J Wolfgang Goerlich's thoughts on Information Security
Cord Blood Registry breach - encryption controls and media controls

By wolfgang. 11 March 2011 17:45

Backup Files Put Database Information At Risk
Cord Blood Registry breach a cautionary tale in the need for encryption, key management, and secure physical transport of database back-up media.

Kelly explains that step No. 1 to keep this database information secure is implementing strong encryption practices and key management. J. Wolfgang Goerlich, a network security manager at a financial services firm, concurs. He says the risk of misplaced backup information is at the top of his list of worries.

"Encryption is the No. 1 control to prevent scenarios such as the Cord Blood Registry breach. Encryption does require time for configuration and ongoing maintenance, but it has a very low fixed cost," Goerlich says. "In the Cord Blood Registry scenario, three areas that should have been encrypted: the laptop hard drive, the database backup file, and the LTO4 backup tapes. If encrypted, the stolen media would be all but useless. The personal information of 300,000 people would be unreadable and unrecognizable."

He also believes organizations need to do a better job instituting tape media procedural controls as well. "These ensure that the storage tapes are transported in a manner that is physically secure. From the initial reports, it looks like Cord Blood Registry did not have these in place," he says. "A solid procedure would prevent transporting sensitive backup tapes using an employee's vehicle and prevent leaving those tapes unattended in a parking lot."

Tags:

Encryption | Operations Security | Physical Security | Security

Miss the basics, miss the boat - Core Blood Registry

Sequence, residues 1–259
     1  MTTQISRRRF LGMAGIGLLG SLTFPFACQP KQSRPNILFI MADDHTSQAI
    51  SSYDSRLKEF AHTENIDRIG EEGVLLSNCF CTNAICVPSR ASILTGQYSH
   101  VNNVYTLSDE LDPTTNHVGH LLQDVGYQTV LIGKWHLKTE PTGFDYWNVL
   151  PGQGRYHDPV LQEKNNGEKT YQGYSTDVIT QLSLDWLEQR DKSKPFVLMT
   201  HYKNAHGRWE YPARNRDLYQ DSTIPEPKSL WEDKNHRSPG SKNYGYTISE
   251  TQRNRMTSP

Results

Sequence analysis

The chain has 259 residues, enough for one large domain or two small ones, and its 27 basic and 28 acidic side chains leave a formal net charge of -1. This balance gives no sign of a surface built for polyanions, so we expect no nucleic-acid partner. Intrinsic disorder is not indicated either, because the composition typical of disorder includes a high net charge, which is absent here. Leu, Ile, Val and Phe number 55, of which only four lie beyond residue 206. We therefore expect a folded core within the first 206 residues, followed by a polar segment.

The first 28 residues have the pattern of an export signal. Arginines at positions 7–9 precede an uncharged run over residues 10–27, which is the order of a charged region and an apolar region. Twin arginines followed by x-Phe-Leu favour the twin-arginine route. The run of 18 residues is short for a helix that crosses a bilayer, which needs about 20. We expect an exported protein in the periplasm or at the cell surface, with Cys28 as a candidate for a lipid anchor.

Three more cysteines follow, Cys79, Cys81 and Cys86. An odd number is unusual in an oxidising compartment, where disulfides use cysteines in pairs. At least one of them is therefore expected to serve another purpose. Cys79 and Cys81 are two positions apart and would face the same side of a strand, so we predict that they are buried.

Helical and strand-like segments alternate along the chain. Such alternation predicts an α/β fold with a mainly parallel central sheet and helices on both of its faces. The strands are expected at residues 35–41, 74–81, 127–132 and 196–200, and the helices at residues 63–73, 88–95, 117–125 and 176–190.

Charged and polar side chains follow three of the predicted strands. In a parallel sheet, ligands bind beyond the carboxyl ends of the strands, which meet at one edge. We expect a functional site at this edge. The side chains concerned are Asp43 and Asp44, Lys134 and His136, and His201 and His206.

By wolfgang. 4 March 2011 19:30

"The Cord Blood Registry earlier this week began notifying some 300,000 registrants that their personal data might be at risk. (...) a report on the Office of Inadequate Security website indicates that the breach was the result of the theft of data backup tapes from an employee's car."

http://mobile.darkreading.com/9288/show/5e4cf4d9fde37597b6410715a1daba64&t=adff34649992599d6213734b9fd03797

The breach is a good reminder of the basics. If it moves, encrypt it. If it rests, encrypt it. If you are moving tapes, have basic media controls in place to keep unsecured tapes from sitting in someone's car. Miss the basics, miss the boat.

Tags:

Encryption | Physical Security | Security | Storage

HVAC Security Controls

By wolfgang. 15 May 2009 09:56

I have received a few responses from my haiku idea. One came from a fellow, whose poetic skills I admire, and poked a little fun at me. He offered the following as an example:

The servers are hot!
The data center is warm!
What will happen now?

It made me smile and, actually, was rather timely. As data centers in the northern hemisphere move into the summer months, our attention turns towards air conditioning. HVAC (Heating, Ventilation, and Air-conditioning) falls under physical security. Returning to the haiku, the servers are hot. What will happen now? A denial of service.

Some basic controls can be built around HVAC systems to prevent a DoS. The first few revolve around redundancy. HVAC systems should be dedicated and spec'd with ample capacity to cool the room in question. Internal redundancy can be achieved by dual compressors and controllers. External redundancy can be achieved by dedicate n+1 power lines and dual intake vents. Speaking of intakes, these should be in a protected space to prevent tampering or build up of debris. The HVAC itself should be in a physically secure location.

In summary, here is a checklist of items for an InfoSec pro to audit with his facilities personnel:

  • Dedicated HVAC
  • n+1 tonnage capacity
  • Internal redundancy
  • External redundancy (power/air feeds)
  • Positive pressurization (vent the area of dust, debris, and possible smoke)
  • Physical security of the HVAC unit
  • Physical security of the HVAC intake vents
  • Clear supply and return vents

Regards and keep cool,

J Wolfgang Goerlich

Tags:

Physical Security | Security

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